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Understanding the Concept of eDiscovery

Tech Trends That Will Change the Way We All Work

Once upon a time, information was shared verbally and through paper documents. However, information technology has advanced significantly and rapidly, which means almost all communication is now done virtually. Some of this communication, however, contains sensitive information that may be used as evidence during litigation. This is now so common that eDiscovery has been developed, which is an obligation to be able to present electronic data (images, texts, videos, etc.) in criminal or civil litigation cases. Although this is now in place, many organizations still struggle with its proper implementation, and this is something Matt Knouff is trying to address.

Paper vs Electronic Documentation

It is reasonably easy to store, search, manage, and share electronic data. This is why it is now such an integral element of litigation as well. Furthermore, electronic data contains metadata, which provides irrefutable proof of who created it, and when. This is something paper documents could never do.

The Impact on Organizations

Businesses are seeing continuous increases in how much ESI (electronically stored information) they have. At the same time, regulations are becoming much tighter. Hence, businesses must be aware of how they can store ESI in a proper manner, leaving them compliant with relevant rules. The way most businesses are handling this is through third-party eDiscovery apps, and through the work of people like Matthew Knouff, who aim to educate people about the ins and outs of eDiscovery.

EDiscovery is proving to be expensive, however. For instance, in 2006, $12 million was spent by DuPont to store documents, only to find that those documents did not need keeping. Meanwhile, Merck and UBS Warburg were fined $253 million and $29.2 million respectively because they didn’t comply with eDiscovery.

The fact that there are risks associated with documents is nothing new. Every year, around 7.5 million Microsoft Office documents are created. Around 35% of all documents created by businesses contain information classed as “sensitive”. Around 25% of documents created by businesses have to be compliant with certain regulations. Yet, only around 30% of businesses have a proper eDiscovery system in place.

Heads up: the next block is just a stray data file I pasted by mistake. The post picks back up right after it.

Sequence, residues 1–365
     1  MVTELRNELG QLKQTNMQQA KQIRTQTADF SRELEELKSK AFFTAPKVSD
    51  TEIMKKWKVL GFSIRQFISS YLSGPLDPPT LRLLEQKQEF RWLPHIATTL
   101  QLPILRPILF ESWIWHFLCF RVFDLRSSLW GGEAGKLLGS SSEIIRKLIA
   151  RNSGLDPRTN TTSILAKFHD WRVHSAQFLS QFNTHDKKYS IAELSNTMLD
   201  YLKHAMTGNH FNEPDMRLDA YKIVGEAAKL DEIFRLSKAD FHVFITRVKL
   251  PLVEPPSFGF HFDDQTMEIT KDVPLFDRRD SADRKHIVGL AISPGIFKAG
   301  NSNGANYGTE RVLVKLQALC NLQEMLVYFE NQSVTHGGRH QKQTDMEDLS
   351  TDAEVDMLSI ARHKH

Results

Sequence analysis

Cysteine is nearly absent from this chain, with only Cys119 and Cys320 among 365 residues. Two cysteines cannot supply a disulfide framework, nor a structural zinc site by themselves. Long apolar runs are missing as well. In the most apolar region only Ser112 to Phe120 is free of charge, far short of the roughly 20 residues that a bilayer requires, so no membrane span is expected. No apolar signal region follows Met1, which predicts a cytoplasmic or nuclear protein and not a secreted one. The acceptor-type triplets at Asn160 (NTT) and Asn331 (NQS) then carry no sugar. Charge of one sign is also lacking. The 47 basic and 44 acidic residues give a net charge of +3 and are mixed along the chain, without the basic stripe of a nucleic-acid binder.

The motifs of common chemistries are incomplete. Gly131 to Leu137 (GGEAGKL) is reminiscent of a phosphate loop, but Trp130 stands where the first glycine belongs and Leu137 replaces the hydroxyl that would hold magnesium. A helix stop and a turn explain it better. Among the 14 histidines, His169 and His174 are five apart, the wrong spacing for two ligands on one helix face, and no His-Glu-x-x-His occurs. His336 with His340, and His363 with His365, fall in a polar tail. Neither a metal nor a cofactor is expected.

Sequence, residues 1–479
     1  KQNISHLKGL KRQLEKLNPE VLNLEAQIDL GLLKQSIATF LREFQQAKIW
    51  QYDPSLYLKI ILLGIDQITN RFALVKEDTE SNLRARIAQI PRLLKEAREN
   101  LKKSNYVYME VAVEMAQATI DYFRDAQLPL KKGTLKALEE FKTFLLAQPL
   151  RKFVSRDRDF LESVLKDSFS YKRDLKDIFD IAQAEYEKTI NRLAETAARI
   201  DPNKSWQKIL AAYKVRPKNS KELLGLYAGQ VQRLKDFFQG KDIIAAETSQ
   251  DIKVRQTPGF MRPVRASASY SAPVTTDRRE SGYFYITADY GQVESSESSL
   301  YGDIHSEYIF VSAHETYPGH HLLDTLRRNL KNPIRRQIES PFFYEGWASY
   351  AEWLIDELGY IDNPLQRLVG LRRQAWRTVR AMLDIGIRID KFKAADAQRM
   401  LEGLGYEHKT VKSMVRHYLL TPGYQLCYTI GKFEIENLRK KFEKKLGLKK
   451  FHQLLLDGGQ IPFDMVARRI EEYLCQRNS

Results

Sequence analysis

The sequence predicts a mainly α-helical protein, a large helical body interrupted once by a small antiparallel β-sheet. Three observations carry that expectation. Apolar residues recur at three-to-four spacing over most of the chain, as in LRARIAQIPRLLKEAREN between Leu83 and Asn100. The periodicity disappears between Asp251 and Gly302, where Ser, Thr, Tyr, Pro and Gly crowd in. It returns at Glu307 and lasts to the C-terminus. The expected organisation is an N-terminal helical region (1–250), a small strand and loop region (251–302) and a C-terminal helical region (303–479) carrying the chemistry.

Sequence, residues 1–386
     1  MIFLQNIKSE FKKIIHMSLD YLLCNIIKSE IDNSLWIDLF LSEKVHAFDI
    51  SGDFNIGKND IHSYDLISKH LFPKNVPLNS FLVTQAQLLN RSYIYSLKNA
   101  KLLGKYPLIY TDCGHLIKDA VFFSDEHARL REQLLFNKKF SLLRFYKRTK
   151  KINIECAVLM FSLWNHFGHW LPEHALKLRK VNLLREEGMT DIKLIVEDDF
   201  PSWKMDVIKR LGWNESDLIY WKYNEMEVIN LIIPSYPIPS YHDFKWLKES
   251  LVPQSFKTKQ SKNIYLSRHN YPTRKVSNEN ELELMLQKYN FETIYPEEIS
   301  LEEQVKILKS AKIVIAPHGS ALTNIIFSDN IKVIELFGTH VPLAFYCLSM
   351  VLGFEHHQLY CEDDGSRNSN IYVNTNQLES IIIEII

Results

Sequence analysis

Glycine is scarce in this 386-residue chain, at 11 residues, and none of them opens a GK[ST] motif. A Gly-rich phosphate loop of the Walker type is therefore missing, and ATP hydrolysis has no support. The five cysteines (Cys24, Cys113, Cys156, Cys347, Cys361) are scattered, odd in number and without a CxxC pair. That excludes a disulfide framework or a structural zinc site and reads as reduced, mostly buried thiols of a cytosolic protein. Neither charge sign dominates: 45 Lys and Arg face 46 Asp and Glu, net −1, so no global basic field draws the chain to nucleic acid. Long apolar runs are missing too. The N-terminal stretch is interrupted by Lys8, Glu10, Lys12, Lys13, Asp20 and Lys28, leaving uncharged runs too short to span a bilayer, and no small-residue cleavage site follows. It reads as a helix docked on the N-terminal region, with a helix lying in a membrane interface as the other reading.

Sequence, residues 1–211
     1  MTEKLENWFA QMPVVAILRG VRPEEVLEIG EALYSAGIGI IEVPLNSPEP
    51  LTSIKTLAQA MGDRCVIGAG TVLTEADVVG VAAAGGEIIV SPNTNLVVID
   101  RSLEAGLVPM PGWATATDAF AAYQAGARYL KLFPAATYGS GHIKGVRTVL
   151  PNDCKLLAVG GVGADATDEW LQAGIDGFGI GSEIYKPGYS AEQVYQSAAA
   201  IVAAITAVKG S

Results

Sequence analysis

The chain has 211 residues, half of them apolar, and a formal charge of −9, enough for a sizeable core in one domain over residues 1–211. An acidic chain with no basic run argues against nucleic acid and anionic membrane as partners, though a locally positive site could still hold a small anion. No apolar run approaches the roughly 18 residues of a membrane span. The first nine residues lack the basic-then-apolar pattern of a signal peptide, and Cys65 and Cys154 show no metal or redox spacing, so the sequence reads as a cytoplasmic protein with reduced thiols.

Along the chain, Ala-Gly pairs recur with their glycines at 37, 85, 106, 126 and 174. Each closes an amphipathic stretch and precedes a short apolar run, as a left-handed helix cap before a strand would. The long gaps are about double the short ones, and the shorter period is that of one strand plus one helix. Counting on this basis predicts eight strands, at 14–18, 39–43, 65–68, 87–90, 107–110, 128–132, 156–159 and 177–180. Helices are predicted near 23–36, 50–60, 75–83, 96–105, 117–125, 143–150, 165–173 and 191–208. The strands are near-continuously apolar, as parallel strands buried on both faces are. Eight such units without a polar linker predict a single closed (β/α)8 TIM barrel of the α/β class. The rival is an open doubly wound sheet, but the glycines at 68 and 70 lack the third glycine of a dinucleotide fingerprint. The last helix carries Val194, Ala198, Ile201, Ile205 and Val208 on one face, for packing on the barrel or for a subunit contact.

The Risks Relating to Documents

Documents are under constant threat, and those threats come from everywhere. This includes:

· The enterprise itself, with around 80% of files stored on shared drives and hard drives. Furthermore, businesses are resistant to change, meaning that people don’t want to move over to new technology, thereby increasing the risk.

· The employees, as human error can be very real and very serious. Additionally, some people choose not to comply with regulations.

· The customers and clients, who may choose not to meet their contractual obligations, or claim the enterprise hasn’t.

· The regulatory bodies, because their policies and procedures are still significantly lacking.

· Legal departments, particularly if they are not properly aware of new regulations.

Proactive vs Reactive

It is very important to, wherever possible, be proactive rather than reactive. In eDiscovery, this means having systems in place to properly store and retrieve documents, even if you haven’t faced litigation (yet). This is not just so that you are compliant with the rules, but also for your own protection, as it will avoid you losing in litigation because you are unable to find the information you need.

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